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Thread started 15 Jan 2018 (Monday) 07:48
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Does FoCal work

 
anitaw2
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Jan 17, 2018 13:52 |  #31

digital paradise wrote in post #18543169 (external link)
It is in the DT video. Guess that is why why deleted a forum post about it. Did you watch the 18 minute video? About minute 13.

Yes I did. But I am wondering something. He said that if always shoot at a certain distance (like 15 feet) you should tune the lens at that distance. When I shoot, I like the "3D" look so I shoot from far at 1.8. I focus on the face from far. should I go in Live view, click on the little magnifying glass button and make sure the focus is actually on the face? I look through the eye piece. Maybe what I think is in focus is not actually what the camera sees.


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Jan 17, 2018 13:59 |  #32

anitaw2 wrote in post #18543177 (external link)
exactly...I think you realized the same thing I did.

Well, I think DP is on to something with your lens.

Just as a trial, you could try a simple focus test. Set up three cereal boxes or similar items (flat things with fine detail on them), staggering their distance from the camera. Put one 2 or 3 inches forward, and the other a bit behind. Then in good light, take a pic of them with the lens wide open, focusing on the middle one. Which box is sharpest?

Now change the MFA setting. Make a big change - like from 0 to +10 or +20 - and repeat the test.

You should soon discover if the needed MFA setting is within the range of the camera. If it is, then keep repeating, but with smaller increments, until you get it real close. This is way more time-consuming than doing Dot-tune, but has a chance of rescuing the lens when dot-tune is not working well. Even if it is out of the camera's range, setting it to +20 might make the lens very usable.


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digital ­ paradise
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Jan 17, 2018 15:12 |  #33

anitaw2 wrote in post #18543181 (external link)
Yes I did. But I am wondering something. He said that if always shoot at a certain distance (like 15 feet) you should tune the lens at that distance. When I shoot, I like the "3D" look so I shoot from far at 1.8. I focus on the face from far. should I go in Live view, click on the little magnifying glass button and make sure the focus is actually on the face? I look through the eye piece. Maybe what I think is in focus is not actually what the camera sees.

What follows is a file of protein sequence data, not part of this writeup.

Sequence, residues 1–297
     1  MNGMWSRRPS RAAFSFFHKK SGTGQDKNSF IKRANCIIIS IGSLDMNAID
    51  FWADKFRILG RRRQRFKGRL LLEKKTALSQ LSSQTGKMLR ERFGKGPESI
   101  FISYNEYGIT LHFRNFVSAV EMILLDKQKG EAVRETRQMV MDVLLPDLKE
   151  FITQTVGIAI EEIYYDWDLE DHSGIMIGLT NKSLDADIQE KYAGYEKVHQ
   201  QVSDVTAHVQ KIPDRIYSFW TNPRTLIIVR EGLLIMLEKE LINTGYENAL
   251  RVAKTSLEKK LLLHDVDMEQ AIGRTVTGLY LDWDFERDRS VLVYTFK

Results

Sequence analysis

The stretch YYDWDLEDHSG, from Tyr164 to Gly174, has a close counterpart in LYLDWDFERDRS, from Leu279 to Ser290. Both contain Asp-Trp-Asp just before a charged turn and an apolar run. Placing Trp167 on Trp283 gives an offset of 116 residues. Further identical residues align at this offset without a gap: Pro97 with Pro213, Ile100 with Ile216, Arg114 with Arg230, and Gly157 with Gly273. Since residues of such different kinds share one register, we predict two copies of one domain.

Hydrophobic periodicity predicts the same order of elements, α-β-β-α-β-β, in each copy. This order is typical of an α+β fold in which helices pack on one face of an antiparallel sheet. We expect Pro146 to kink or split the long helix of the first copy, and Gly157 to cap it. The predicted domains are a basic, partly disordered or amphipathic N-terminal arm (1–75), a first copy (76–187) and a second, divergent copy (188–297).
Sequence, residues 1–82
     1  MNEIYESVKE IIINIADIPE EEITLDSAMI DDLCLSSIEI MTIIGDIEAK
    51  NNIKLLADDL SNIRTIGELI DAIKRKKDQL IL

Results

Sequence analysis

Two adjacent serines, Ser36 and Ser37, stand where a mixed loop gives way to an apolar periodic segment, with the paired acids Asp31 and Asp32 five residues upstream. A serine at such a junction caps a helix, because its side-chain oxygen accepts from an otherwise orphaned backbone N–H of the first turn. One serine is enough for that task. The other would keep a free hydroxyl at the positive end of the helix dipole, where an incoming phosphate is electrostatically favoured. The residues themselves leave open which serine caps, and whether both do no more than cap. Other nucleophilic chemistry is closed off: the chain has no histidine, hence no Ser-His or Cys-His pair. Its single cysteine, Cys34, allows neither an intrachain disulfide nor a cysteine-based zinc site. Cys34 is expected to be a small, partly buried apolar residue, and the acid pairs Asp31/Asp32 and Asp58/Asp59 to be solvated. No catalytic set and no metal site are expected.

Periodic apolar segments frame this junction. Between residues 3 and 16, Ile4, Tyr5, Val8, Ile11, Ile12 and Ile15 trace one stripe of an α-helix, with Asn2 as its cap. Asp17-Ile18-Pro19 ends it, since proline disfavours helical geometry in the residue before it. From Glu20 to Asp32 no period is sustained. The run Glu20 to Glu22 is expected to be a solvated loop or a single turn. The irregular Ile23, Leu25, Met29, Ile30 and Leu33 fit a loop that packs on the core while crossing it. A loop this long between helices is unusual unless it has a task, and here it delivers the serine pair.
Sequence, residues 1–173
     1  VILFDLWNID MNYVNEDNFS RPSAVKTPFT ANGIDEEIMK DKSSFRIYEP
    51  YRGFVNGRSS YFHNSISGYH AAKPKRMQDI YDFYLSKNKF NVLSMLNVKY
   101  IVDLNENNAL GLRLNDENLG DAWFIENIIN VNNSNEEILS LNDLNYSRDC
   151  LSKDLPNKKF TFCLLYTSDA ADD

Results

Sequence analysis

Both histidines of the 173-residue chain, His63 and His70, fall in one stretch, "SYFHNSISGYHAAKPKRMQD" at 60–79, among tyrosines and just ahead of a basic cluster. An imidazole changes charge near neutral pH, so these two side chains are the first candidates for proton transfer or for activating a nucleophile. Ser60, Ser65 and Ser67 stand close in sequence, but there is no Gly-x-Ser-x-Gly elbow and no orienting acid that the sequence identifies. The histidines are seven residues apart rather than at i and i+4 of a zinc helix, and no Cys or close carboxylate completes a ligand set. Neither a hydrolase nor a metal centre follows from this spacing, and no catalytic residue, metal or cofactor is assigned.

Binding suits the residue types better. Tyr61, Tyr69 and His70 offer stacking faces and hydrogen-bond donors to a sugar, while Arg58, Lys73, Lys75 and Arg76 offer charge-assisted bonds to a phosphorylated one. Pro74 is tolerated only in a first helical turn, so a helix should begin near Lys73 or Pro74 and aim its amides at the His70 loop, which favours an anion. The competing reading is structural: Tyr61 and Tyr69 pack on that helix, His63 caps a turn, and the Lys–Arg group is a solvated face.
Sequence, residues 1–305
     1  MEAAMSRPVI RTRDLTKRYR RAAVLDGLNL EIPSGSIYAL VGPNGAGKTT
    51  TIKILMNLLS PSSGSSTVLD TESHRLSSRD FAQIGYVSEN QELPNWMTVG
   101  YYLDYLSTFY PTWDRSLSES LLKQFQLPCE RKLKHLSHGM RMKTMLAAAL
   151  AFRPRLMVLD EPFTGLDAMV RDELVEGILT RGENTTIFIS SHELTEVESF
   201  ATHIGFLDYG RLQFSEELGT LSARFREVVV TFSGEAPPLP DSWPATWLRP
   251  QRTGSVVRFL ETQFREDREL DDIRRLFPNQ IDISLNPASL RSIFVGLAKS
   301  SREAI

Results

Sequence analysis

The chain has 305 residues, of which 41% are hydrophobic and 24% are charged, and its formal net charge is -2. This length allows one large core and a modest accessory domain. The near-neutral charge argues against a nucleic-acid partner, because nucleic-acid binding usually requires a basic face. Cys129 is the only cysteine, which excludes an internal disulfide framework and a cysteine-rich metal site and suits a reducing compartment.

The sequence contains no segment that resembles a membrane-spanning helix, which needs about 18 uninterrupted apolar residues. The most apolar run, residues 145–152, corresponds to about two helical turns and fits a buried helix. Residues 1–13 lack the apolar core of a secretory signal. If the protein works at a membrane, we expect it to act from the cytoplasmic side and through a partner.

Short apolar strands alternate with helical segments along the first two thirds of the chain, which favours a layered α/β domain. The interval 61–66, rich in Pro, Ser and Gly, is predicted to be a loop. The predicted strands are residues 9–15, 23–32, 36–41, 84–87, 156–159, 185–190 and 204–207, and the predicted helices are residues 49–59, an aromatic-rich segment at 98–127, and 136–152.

Pretty shallow DOF. With MFA set to zero put the focus point on an eye ball and even use spot focus. Open it with DPP and verify the AF point. Zoom to 50 and 100% and see what you are getting.

Also try this. Tape a dollar bill to the wall. With tripod and remote of you have it take 10 shots in a row and defocus between shot. Use mirror lock up and take your time between shots. Then take a few in LV and compare the 10 and see if there is a lot of deviation. Pick the best few and compare to the LV shots.


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Jan 17, 2018 15:45 |  #34

Might be worth checking out.
https://photography-on-the.net …/showthread.php​?t=1489004


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Wilt
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Post edited over 1 year ago by Wilt. (3 edits in all)
     
Jan 18, 2018 12:12 |  #35

Archibald wrote in post #18543188 (external link)
Well, I think DP is on to something with your lens.

Just as a trial, you could try a simple focus test. Set up three cereal boxes or similar items (flat things with fine detail on them), staggering their distance from the camera. Put one 2 or 3 inches forward, and the other a bit behind. Then in good light, take a pic of them with the lens wide open, focusing on the middle one. Which box is sharpest?

Now change the MFA setting. Make a big change - like from 0 to +10 or +20 - and repeat the test.